Furthermore, the concentric strategy is essential for firms with related activity-cost chains of transactions and processes, which present significant advantages are emanating from the possibility of sharing the production procedures at different stages. Therefore, companies seeking to achieve high profitability and competitiveness through the consolidation of more than one production lines can benefit from the concentric corporate-level strategy. The synergistic influence associated with the methodology has attracted manufacturing firms because of cost efficiency (Zhang, 2014). In most cases, technical production and machinery that have been combined with specific line products guarantee combined returns emanating from the sharing of the organizational resources. For example, Tesla Motors initially specialized on electric-based motor spares and electric train components; however, the company introduced the manufacturing of electric vehicles, which is currently the top income generator for the enterprise. Through cost sharing and combined production, the company managed to intensify its operations within a short period.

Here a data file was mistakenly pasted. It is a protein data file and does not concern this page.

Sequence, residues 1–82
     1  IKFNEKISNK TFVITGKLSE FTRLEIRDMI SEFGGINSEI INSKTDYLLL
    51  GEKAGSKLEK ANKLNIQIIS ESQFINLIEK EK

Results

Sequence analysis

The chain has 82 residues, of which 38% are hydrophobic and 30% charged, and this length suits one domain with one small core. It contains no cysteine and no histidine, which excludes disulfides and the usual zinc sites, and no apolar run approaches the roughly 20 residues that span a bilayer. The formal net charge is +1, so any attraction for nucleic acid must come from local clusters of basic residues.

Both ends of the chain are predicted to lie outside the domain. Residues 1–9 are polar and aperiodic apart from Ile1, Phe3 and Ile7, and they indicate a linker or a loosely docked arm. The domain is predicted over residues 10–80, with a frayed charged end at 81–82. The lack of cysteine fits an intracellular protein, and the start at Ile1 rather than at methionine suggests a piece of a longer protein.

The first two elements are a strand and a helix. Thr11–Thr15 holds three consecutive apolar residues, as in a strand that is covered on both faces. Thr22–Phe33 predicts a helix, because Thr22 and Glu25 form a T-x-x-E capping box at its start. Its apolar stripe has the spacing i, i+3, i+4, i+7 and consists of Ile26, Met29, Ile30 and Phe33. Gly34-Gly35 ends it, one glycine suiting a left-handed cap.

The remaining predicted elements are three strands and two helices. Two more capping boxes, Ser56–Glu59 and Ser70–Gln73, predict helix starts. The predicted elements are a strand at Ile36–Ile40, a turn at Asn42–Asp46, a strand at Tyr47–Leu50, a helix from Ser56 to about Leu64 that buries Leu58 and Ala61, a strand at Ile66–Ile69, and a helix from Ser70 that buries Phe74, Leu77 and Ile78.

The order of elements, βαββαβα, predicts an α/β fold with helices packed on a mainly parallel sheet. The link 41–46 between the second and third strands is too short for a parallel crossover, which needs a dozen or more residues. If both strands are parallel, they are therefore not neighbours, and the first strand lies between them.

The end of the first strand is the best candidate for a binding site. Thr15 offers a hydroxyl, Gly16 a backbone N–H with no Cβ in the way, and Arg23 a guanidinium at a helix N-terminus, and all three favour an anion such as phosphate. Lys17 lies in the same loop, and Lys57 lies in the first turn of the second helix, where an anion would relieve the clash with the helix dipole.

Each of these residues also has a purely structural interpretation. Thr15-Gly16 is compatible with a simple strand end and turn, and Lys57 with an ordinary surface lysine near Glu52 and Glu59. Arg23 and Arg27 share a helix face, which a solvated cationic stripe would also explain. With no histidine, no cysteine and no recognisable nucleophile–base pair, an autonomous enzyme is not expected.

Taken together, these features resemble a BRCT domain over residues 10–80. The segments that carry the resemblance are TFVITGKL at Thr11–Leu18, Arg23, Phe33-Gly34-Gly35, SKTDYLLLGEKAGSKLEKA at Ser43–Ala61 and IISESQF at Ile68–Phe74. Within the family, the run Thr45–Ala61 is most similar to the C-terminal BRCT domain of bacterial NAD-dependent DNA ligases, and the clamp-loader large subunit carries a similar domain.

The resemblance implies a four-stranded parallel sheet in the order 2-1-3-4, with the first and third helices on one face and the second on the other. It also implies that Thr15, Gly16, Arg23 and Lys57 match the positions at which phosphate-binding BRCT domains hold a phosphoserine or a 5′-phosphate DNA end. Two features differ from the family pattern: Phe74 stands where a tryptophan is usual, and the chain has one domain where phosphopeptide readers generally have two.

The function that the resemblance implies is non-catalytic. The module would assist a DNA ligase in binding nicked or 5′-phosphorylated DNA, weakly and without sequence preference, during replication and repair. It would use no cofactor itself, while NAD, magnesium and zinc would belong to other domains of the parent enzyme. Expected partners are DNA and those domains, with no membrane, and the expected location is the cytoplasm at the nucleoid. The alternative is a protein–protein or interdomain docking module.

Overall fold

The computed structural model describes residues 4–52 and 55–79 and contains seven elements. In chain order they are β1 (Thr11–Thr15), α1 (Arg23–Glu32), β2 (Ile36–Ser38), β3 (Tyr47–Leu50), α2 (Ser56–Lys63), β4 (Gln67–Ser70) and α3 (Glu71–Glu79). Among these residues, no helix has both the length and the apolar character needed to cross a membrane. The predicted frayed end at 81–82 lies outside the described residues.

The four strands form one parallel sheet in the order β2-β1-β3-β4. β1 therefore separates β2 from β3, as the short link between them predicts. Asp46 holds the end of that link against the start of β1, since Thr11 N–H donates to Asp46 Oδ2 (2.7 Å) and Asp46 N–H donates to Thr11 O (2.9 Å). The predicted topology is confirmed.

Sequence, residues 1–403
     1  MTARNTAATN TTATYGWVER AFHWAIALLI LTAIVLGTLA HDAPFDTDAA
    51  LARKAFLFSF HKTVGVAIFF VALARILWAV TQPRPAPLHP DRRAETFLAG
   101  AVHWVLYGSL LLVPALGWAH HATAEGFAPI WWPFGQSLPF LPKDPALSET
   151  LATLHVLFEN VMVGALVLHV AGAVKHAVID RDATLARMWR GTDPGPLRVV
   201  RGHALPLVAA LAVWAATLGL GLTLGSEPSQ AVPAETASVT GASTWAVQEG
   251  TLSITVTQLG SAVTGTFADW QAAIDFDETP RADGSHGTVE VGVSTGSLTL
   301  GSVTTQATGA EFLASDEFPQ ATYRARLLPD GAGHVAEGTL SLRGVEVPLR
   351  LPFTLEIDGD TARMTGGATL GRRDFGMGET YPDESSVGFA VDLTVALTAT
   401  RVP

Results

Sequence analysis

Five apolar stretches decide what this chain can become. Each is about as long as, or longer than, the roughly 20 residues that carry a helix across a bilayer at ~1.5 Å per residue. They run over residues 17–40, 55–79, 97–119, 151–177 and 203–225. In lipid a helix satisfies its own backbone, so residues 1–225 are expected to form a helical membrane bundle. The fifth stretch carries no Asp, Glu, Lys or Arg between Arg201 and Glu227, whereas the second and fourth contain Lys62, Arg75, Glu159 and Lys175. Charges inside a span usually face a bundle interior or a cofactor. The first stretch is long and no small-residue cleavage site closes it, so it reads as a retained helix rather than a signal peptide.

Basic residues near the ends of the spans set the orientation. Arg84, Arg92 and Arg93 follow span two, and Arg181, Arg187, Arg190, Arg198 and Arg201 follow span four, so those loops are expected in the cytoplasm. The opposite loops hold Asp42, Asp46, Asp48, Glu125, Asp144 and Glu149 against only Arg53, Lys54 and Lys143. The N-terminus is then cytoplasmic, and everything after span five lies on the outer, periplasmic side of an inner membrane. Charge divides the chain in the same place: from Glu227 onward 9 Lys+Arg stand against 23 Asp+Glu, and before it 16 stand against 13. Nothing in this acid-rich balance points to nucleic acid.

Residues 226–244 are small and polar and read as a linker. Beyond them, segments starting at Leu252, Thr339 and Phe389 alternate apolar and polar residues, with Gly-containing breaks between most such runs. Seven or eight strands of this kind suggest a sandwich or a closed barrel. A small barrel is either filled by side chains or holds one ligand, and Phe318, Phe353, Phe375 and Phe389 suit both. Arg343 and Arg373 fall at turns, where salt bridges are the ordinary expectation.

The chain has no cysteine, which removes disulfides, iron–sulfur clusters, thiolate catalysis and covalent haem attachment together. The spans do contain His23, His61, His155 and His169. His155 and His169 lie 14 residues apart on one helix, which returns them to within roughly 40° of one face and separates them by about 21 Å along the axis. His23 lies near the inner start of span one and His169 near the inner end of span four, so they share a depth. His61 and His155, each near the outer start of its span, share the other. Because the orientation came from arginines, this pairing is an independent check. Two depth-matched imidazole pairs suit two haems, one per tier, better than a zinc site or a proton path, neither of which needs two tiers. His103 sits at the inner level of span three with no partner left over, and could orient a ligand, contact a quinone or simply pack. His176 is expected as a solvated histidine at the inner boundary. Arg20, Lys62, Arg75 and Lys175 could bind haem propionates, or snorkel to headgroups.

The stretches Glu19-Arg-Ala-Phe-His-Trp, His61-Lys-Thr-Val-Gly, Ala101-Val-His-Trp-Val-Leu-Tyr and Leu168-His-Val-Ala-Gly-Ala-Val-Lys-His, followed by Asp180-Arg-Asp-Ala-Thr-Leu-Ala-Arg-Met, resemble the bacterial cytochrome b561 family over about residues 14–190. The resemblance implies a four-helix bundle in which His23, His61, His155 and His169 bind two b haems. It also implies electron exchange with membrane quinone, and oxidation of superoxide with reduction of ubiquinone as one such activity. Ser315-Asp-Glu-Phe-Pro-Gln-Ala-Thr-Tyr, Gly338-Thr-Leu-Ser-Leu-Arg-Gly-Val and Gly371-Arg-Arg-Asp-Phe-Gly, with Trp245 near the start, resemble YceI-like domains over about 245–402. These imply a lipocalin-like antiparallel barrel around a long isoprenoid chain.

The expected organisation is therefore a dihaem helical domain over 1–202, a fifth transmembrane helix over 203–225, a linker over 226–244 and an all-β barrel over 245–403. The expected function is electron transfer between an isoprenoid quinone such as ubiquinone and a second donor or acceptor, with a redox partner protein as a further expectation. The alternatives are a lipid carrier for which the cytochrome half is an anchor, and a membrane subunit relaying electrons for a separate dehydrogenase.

A conglomerate diversification as a growth method in business
Finally, some business entities consider conglomerate diversification as a method to enhance growth. In such as case, the company introduces a different product that does not relate to the present good or service. Therefore, the firm invests into a new field of production to improve its income, which calls for the establishment of new strategic approach and managerial structure; however, the ownership of the two units remains as a single entity (Barnat, 2017). The move is propelled by the perception that diversification of the resources of an organization to different sectors of the economy guarantees business continuity. Uncertainty in corporate sector can be disastrous for firms with a centralized pooled resources; however, operating in the different segmented market by introducing a different product can enable the firm to build a strong financial baseline.